The government has committed over $3.5 billion in funding to achieving clean drinking water on reserves since 2015. This includes $616.3 million over six years, and $114.1 million per year ongoing thereafter, to provide a stable and predictable source of funding for operations and maintenance costs, ensuring longer life cycles and more durable systems, and enabling First Nations to better maintain their water and wastewater infrastructure over the long-term.

“The COVID-19 pandemic has affected everyone, with Indigenous communities facing even greater challenges,” said Marc Miller, minister of Indigenous services. “While the pandemic has also impacted construction work and project deadlines, we remain committed to ending all long-term drinking water advisories on public systems on reserves and improving access to safe drinking water. We will not stop until this work is done.”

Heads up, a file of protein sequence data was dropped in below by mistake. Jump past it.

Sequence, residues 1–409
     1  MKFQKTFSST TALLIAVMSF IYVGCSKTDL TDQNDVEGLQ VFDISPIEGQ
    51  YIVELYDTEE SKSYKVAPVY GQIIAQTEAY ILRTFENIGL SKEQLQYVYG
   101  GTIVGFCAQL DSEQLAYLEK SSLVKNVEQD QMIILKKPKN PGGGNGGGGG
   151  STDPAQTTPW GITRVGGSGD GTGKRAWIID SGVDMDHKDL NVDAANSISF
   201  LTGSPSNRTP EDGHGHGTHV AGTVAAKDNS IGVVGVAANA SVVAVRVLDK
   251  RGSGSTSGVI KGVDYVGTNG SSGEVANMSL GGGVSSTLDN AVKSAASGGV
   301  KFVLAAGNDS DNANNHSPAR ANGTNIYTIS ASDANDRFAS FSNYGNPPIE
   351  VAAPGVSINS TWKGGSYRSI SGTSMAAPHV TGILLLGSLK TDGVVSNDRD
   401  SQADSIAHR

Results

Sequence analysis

Progress on lifting long-term drinking water advisories

On March 9, Indigenous Services Canada celebrated the 100th and 101st lifts in Anishinabe of Wauzhushk Onigum and Xeni Gwet’in First Nations Government.

It recognized the achievements realized through close collaboration with the following communities:

  • On Jan. 23, 2021, Black Lake First Nation (Saskatchewan) lifted a long-term drinking water advisory that had been in effect since April 2013. Upgrades and expansion of the water treatment plant have improved access to clean drinking water for over 190 homes and 6 community buildings including the school, fire hall and band office.